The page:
This is the start of a really good year. My beautiful little Summer House in the woods has been revived with the installation of my new Ironheart stove. I had been looking forward to its arrival very much!

The Summer House is hidden away in East Devon and has wonderful views out to sea over Lyme Bay, just a few miles from where I work at River Cottage.

Originally, it had a small open fire but it didn’t work at all well and, as the house is off grid, we had no way of warming it up inside.

It had been a bitter January and the little stone house was terribly cold. So when the Ironheart arrived I simply could not wait to get a fire going!

The difference it has made to the house can not be measured and it cannot be explained in words. The warmth that comes from the Ironheart is so reassuring and so comforting that you never want to let it die out, it heats the very fabric of the house and in the half light of a frozen dusk, it glows steady and strong.

I’ve liked making fires since I was a small boy. The first time I cooked wild mushrooms I was nine years old. I lit a small fire 15ft up an old beach tree we used to like to climb and in the embers I toasted the mushrooms like marshmallows. They were delicious and something I will never forget.

Im still cooking with fire… but less so up trees. There are very few things more satisfying, rewarding and tangible than working with wood and cooking good food.
With my Ironheart I get to do both at the same time!

So this is the beginning of my year at the Summer House. Im going to be cooking a lot there and every month I’ll put up some recipes. I don’t know what they’ll be yet. It will depend on what’s available at the time.
In late spring I hope to be catching the first of the mackerel down on the beach. In the summer I’ll find wild herbs and sea greens and then maybe Roe deer and cob nuts in the autumn.

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February 2013 –  Sunday Lunch:
This is my first recipe. Its also the first thing I cooked on my Ironheart. It was a perfect, warm Sunday lunch.

Gallery
Slow Roasted Duck and Potatoes

Serves:

4 -6 people

Ingredients:

  • 1 large free range or organic duck (about 2.2-2.5kg)
  • Sea salt and freshly ground black pepper
  • Good olive oil
  • 2kg of largish white potatoes such as Maris Piper or King Edward.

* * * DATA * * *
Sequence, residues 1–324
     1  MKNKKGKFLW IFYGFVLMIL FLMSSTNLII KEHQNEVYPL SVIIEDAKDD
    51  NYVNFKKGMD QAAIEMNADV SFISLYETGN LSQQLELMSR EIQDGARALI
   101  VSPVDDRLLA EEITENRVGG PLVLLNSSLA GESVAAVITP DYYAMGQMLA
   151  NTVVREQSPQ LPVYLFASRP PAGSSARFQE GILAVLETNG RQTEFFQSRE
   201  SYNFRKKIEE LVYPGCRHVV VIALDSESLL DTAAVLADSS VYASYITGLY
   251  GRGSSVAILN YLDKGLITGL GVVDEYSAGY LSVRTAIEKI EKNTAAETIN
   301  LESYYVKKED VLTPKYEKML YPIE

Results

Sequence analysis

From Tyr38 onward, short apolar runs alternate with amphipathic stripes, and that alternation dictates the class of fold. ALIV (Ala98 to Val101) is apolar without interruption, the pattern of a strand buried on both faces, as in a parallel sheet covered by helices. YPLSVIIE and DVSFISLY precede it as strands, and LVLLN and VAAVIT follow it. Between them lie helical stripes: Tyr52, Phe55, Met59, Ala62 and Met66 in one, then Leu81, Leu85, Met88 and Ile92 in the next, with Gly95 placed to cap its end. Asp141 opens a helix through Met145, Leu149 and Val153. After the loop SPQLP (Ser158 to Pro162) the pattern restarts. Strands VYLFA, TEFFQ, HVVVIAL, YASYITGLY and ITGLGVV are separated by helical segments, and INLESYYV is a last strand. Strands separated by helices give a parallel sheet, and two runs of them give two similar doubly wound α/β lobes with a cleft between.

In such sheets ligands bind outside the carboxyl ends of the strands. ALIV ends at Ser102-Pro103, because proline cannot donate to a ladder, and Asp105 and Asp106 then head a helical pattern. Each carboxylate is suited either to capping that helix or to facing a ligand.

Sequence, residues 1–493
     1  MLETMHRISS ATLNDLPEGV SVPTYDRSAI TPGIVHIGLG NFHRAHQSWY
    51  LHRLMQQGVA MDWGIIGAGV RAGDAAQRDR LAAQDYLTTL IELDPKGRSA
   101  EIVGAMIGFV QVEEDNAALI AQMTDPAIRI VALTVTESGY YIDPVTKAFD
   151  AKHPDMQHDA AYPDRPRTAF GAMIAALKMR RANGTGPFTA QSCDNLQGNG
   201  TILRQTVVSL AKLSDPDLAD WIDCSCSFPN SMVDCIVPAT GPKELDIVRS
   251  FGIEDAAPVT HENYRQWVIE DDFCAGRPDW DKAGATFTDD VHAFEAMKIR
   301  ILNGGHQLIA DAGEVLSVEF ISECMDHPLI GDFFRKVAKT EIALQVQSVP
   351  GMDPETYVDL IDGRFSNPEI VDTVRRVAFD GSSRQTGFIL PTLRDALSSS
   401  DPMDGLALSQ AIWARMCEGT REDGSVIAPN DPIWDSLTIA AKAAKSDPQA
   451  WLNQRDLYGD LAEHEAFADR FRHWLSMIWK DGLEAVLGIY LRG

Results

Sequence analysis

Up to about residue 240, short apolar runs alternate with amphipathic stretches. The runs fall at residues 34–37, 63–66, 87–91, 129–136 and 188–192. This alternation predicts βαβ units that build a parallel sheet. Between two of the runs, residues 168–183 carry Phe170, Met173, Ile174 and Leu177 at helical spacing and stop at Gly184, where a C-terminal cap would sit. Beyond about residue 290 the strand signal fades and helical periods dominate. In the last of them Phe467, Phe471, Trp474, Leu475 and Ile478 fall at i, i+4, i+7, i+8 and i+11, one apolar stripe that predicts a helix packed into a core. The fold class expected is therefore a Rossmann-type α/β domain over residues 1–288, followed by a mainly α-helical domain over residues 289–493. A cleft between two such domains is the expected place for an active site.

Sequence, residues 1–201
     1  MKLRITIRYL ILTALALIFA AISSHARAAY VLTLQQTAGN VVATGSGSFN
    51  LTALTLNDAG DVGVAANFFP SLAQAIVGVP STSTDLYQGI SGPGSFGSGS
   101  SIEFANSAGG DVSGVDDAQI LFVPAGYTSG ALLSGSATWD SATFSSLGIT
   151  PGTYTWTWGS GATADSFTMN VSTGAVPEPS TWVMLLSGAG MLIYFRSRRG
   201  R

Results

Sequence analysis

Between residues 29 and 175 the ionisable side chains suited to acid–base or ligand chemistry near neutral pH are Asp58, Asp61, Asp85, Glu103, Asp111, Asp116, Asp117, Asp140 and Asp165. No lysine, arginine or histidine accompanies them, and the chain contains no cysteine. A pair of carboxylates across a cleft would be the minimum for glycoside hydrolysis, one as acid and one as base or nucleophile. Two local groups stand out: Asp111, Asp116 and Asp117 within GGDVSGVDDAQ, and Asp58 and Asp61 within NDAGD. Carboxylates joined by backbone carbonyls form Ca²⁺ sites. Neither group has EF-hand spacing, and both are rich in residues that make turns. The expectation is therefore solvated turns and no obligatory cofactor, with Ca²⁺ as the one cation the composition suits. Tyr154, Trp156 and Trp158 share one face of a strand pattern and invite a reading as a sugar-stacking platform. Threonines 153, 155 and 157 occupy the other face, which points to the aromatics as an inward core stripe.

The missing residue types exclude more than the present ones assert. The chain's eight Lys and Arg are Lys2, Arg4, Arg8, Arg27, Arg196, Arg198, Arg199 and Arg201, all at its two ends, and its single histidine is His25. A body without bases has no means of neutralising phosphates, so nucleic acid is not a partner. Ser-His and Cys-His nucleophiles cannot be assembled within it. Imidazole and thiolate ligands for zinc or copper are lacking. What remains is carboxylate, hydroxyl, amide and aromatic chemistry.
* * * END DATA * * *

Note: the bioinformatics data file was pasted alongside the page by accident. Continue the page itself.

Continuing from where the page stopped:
Method:

Preheat the oven of your ESSE to ‘very hot’.
If the duck is tied up, untruss it and gently pull the legs apart, away from the body. This will help the heat get to the meat.
Season the duck skin well with salt and pepper. Put the bird in a roasting tin and trickle it with a little olive oil.
Place into the oven for about 35 – 40 minutes, so the fat starts to run.
Baste the bird with any rendered fat or juices then cover it tightly with foil. Return the bird to the oven and keep the heat to the lower side of ‘very hot’.

Cook the duck for two hours or until the meat is tender and easily comes away from the bone.
Place the duck on a clean serving dish, cover and keep warm on the ESSE top. Keep the roasting tin with all its fat for the potatoes.

While the duck is cooking, peel the potatoes in some fresh water. Cut the potatoes into similar sizes, roughly golf ball size. Place them in a heavy based pan, cover with water, add 2 tsp of salt and bring to the boil on the hot plate of your ESSE.
Cook the potatoes for 10 minutes or so or until just starting to break around the edges, remove from the heat then drain them and leave to steam dry for a few minutes.

Place the potatoes in the roasting tin, and turn them through the duck fat. Sprinkle them with salt. Make sure your oven is on the higher side of ‘very hot’, cook the potatoes for about 30 to 35 minutes on the top shelf then give them a shake and a turn. Return to the oven for a further 25-30 minutes or until crispy and golden.

To serve, take the meat from the duck – it should be giving and tender – and divide between warmed plates.

Serve with the roast potatoes, a crisp green salad and some good bread.